Homocysteine, Total, Urine
As an aid for screening patients suspected of having an inherited disorder of methionine metabolism including:
-Cystathionine beta-synthase deficiency (Homocystinuria)
-Methylenetetrahydrofolate reductase deficiency (MTHFR) and its thermolabile variants:
- Methionine synthase deficiency
-Cobalamin (Cbl) Metabolism:
- Combined Methyl-Cbl and Adenosyl-Cbl deficiencies: Cbl C2, Cbl D2 and Cbl F3 deficiencies
- Methyl-Cbl specific deficiencies: Cbl D-Var1, Cbl E and Cbl G deficiencies
-Transcobalamin II deficiency:
- Adenosylhomocysteinase: AHCY deficiency
- Glycine N-methyltransferase: GNMT deficiency
- Methionine Adenosyltransferase I/III Deficiency: MAT I/III deficiency
As a (weak) indicator of cardiovascular risk
Clinical Information Discusses physiology, pathophysiology, and general clinical aspects, as they relate to a laboratory test
To be used in conjunction with plasma amino acids and urine organic acids to aid in the biochemical screening for primary and secondary disorders of methionine metabolism.
Homocysteine is an intermediary in the sulfur-amino acid metabolism pathways, linking the methionine cycle to the folate cycle. Inborn errors of metabolism that lead to homocysteinemia/-uria include cystathionine beta-synthase deficiency (homocystinuria) and various defects of methionine re-methylation.
Homocysteine also was thought to be an independent predictor of cardiovascular disease (atherosclerosis, heart disease, thromboembolism), as early observational studies prior to 2000 linked homocysteine to cardiovascular risk and morbidity and mortality. However, following FDA-mandated folic acid supplementation in 1998, homocysteine concentrations decreased by approximately 10% without a similar change in cardiovascular or ischemic events. Currently, the use of homocysteine for assessment of cardiovascular risk is uncertain and controversial. Based on several meta-analyses, at present, homocysteine may be regarded as a weak risk factor for coronary heart disease, and there is a lack of direct causal relationship between hyperhomocysteinemia and cardiovascular disease. It is most likely an indicator of poor lifestyle and diet.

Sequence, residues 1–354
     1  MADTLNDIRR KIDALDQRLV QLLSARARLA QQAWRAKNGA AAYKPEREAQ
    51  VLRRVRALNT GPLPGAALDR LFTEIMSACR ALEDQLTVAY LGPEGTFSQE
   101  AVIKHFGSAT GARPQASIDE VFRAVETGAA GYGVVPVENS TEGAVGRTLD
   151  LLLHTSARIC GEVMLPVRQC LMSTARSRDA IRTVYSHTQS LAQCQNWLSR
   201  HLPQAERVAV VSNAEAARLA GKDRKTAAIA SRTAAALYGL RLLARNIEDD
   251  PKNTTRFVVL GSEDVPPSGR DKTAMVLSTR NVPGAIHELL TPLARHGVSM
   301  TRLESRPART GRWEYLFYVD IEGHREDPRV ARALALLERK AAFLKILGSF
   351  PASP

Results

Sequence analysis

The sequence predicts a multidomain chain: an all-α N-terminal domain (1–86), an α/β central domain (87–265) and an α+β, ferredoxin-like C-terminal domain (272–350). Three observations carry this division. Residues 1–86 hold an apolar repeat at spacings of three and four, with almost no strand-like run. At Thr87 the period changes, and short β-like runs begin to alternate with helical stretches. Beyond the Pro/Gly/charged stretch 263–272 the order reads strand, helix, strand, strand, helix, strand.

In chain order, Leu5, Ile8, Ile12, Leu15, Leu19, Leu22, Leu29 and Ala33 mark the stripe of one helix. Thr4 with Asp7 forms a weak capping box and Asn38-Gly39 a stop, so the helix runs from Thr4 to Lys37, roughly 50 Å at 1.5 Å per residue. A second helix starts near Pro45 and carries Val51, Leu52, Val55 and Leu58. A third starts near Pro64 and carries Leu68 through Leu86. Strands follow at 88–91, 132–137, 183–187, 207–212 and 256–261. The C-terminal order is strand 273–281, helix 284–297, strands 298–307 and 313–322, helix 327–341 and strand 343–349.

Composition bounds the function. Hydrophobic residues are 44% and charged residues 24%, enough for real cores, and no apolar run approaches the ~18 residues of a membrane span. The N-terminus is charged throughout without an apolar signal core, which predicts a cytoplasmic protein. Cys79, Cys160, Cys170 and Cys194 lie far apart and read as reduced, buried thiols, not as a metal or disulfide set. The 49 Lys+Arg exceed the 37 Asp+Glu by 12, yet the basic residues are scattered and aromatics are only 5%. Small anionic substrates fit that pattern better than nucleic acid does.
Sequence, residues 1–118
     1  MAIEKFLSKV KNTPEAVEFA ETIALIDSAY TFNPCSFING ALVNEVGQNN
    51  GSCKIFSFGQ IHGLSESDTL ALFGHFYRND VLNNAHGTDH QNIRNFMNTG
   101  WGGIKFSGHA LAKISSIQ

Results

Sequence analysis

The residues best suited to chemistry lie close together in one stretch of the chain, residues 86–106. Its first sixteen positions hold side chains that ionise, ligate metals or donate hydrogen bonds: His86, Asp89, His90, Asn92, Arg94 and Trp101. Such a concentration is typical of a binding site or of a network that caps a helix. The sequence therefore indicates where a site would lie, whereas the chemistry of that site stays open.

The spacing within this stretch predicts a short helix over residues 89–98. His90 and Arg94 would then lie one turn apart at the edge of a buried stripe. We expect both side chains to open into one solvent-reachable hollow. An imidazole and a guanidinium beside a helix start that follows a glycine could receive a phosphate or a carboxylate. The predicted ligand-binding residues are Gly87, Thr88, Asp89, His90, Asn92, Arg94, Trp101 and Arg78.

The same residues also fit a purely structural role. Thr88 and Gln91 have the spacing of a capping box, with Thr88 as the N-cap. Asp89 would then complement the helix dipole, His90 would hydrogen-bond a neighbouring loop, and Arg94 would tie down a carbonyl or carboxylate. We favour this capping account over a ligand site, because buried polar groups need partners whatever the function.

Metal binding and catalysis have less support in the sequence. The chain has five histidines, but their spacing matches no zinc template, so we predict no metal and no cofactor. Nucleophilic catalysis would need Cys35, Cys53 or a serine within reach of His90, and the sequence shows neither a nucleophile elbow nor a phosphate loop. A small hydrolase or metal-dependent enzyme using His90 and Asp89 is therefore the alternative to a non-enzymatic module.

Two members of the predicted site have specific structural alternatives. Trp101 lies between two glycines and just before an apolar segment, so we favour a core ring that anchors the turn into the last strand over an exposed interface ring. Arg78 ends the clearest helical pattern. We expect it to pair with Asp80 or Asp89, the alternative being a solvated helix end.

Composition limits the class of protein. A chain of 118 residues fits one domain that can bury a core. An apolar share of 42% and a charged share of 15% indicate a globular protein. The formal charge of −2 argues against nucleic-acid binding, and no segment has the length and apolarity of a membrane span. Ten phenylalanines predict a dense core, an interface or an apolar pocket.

Reference Values Describes reference intervals and additional information for interpretation of test results. May include intervals based on age and sex when appropriate. Intervals are Mayo-derived, unless otherwise designated. If an interpretive report is provided, the reference value field will state this.
Adults: 0-9 mcmol/g creatinine
Hyperhomocysteinuria could be caused by either genetic or nutritional factors. While the highest levels are characteristic of classic homocystinuria, there are no reliable cut-offs to differentiate between genetic or dietary causes of elevated homocysteine (HCY) levels. In our experience, very high HCY levels have been seen in some patients with cystathione beta-synthase deficiency.
HCY levels >9 mcmol/g creatinine are considered abnormal in patients under evaluation for cardiovascular or neurovascular disease.
Cautions Discusses conditions that may cause diagnostic confusion, including improper specimen collection and handling, inappropriate test selection, and interfering substances
Response to dietary treatment can be better evaluated by monitoring plasma homocysteine (HCYSP / Homocysteine, Total, Plasma) levels over time.
Clinical Reference Provides recommendations for further in-depth reading of a clinical nature
1. Mudd SH, Levy HL, Kraus JP: Disorders of transsulfuration. In The Metabolic and Molecular Basis of Inherited Disease. Edited by CR Scriver, AL Beaudet, WS Sly, et al. New York, McGraw Hill Book Company, 2001, pp 2007-2056
2. Klee GG: Cobalamin and folate evaluation: measurement of methylmalonic acid and homocysteine vs vitamin B(12) and folate. Clin Chem 2000;46(B):1277-1283